Typically, the industry standard AC for dechlorination and suspended matter is a 12 x 40 mesh (1.650 mm x 0.417 mm) bituminous coal, which requires a backwash rate of 9 gpm (34 L/m) per square foot of bed surface area at 55°F (12.7°C) water temperature for a 35-percent bed expansion; whereas, an 8 x 30 mesh (2.360 mm x 0.589 mm) requires a backwash rate of 16 gpm (60.5 L/m) per square foot of bed surface area at 55°F water temperature for the same bed expansion percentage. Note: Activated carbon manufacturers recommend a minimum of 35-percent bed expansion during backwash to ensure flushing of the suspended solids to waste and reclassification of the carbon to expose new adsorption sites to the influent stream. Higher water temperatures require a higher backwash rate, so use caution when designing an activated carbon system that requires periodic backwashing. It is a good practice to first obtain a comprehensive water analysis from a reputable testing laboratory before consulting with your carbon supplier for assistance where issues of temperature, pH and removal efficiency must be considered. The contaminant type and calculated service flowrate will determine the mesh size and type of the activated carbon to be used, such as 12 x 40, 8 x 30 or 20 x 50 mesh in either bituminous coal, coconut shell, soft wood or other suitable media, such as catalytic carbon and organoclay products.

    Backwash filter

    When designing a backwash filter, it is important to remember that filter size, media type and volume are in direct proportion to the target contaminant and service flowrate. Let’s look at an example of a typical residential application for chlorine removal. For a calculated service flowrate of 5 gpm, a standard 9- x 48-inch-high fiberglass tank containing one cubic foot of 12 x 40 mesh bituminous coal is generally accepted as sufficient to scrub free chlorine from the water supply. Because of its high affinity for chlorine, this size system can operate very efficiently between 10-15 gpm (37.8-56.7 L/m) per square foot. Activated carbon filters should be designed for bed depths of 30-36 inches (762-914 mm) for optimum efficiency of contaminantremoval. For example:

    · A 9-inch (228.6-mm) diameter tank has a square foot (ft2) surface area of 0.440, so one cubic foot of activated carbon provides a 30-inch (762-mm) bed depth. Therefore, 5 gpm divided by 0.440 = 11.36 gpm/ft2.

    · A 10-inch (254-mm) diameter x 54-inch (1,371-mm) high tank has a square-foot surface area of 0.545. The media volume will be 1.5 cubic feet of activated carbon for a 33-inch (838-mm) bed depth. Therefore, 1.5 cubic feet of activated carbon multiplied by 5 gpm, equals 7.5 gpm calculated service flowrate or 13.75 gpm/ft2.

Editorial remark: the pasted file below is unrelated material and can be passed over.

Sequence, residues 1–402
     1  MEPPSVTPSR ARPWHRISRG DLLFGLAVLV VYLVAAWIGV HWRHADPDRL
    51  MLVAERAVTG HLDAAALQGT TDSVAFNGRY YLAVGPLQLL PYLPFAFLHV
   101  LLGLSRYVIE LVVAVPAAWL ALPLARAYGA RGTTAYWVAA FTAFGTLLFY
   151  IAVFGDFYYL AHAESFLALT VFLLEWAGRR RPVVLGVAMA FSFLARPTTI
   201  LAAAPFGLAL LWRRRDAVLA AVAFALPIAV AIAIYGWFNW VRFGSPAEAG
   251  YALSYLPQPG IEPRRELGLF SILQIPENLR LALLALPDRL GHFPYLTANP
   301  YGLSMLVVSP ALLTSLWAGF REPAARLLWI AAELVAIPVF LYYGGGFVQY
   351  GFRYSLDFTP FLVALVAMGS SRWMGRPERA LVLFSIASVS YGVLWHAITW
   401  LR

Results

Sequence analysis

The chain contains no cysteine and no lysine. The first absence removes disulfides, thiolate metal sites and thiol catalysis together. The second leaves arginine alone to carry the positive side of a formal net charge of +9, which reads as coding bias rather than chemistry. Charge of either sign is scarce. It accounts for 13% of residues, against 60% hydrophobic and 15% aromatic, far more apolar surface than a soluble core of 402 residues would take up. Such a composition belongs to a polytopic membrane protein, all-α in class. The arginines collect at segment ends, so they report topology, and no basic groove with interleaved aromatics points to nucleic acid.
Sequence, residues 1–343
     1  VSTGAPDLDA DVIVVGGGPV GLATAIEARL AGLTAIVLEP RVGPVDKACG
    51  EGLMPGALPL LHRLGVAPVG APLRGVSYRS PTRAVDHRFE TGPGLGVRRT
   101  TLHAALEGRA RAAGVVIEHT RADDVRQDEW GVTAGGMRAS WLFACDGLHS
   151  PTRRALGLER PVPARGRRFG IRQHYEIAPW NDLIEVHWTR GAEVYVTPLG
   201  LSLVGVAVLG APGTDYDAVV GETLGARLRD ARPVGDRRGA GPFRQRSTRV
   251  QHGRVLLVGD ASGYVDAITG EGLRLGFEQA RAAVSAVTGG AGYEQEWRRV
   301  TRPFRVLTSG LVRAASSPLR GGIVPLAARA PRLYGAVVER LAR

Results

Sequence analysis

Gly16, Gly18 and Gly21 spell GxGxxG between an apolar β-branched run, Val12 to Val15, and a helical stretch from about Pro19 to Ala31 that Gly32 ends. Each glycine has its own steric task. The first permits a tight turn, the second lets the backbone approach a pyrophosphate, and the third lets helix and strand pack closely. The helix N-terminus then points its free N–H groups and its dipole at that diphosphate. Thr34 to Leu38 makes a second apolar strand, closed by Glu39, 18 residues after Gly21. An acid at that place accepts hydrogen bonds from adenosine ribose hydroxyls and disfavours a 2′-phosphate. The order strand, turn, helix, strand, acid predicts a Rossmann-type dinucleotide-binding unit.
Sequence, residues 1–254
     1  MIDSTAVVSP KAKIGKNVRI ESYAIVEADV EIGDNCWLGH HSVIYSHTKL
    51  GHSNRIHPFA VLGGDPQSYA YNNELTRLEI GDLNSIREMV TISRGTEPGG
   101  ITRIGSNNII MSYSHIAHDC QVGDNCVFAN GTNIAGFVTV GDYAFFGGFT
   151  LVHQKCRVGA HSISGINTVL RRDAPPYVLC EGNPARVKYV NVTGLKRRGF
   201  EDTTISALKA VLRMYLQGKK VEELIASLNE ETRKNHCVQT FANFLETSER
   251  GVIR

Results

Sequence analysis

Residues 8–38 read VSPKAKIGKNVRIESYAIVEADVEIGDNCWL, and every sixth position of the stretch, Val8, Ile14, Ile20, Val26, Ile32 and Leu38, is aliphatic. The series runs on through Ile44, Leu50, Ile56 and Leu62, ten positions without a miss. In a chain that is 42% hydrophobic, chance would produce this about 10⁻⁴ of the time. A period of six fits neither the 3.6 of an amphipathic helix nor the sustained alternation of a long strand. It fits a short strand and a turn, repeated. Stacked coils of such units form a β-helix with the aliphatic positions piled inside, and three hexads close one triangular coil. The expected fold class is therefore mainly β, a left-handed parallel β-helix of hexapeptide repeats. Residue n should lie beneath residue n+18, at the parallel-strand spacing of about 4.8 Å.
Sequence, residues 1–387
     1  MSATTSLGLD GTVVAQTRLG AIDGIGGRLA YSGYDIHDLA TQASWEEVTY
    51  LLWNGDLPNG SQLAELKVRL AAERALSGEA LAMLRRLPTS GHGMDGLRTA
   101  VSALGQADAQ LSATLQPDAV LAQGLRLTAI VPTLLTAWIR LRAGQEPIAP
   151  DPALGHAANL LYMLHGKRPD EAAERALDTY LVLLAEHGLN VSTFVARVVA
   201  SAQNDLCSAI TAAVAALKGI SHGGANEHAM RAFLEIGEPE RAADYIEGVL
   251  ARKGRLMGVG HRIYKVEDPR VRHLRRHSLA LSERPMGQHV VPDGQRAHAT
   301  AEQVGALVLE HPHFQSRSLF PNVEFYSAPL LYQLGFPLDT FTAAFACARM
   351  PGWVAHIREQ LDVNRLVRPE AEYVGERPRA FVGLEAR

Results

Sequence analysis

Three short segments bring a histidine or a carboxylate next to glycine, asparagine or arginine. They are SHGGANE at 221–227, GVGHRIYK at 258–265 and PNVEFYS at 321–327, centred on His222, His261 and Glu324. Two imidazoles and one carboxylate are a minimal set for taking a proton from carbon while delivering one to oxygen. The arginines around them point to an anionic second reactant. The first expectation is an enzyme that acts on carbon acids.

Where suspended-solids matter is present in the water with chlorine, AC will function as a light sediment filter as well. Over time, however, the carbon may become plugged up due to compaction of the sediment into the pores of the activated carbon granules, which will shorten the optimal service life of the carbon. An effective way to protect the carbon bed is to use a lighter filter media on top of the carbon that will intercept the suspended matter before it migrates to the carbon.

    This is what is known as a filter cap and is typically a 5- to 8-inch (127- to 203-mm) layer of FilterAG, which has an apparent density of 25 pounds/ft3. Dry activated carbon has an apparent density of 34 pounds/ft3. The sediment that is captured by the filter cap creates a filter cake that accumulates during the service run and is easily backwashed out of the tank every couple of weeks. Because of the difference in apparent densities, the medias remain stratified, which creates an effective dual-function filter in a single tank. Note: Wet carbon achieves an apparent density of 58-62 pounds, which is much higher than that of the Filter AG at approximately 40 pounds wet.

    When chloramine is the target contaminant for removal/reduction, the typical service flowrate for the previously mentioned 9- and 10-inch diameter tanks drops significantly to 2.6 gpm and 3.3 gpm (9.8 and 12.4 L/m) respectively. The reason is because chloramine removal requires more contact time with carbon to be effectively removed or reduced. The flowrate drops from 10-15 gpm/ft2 for chlorine to 6 gpm/ft2 for chloramine. To achieve the same 5-gpm service flowrate, the tank size would be 13- x 54-inch with 2.5 cubic feet of activated carbon and a 16- x 65-inch (406.4- x 1,651-cm) tank with 4.5 cubic feet of activated carbon for 7.5-8 gpm (28.3-30.2 L/m) service flowrate.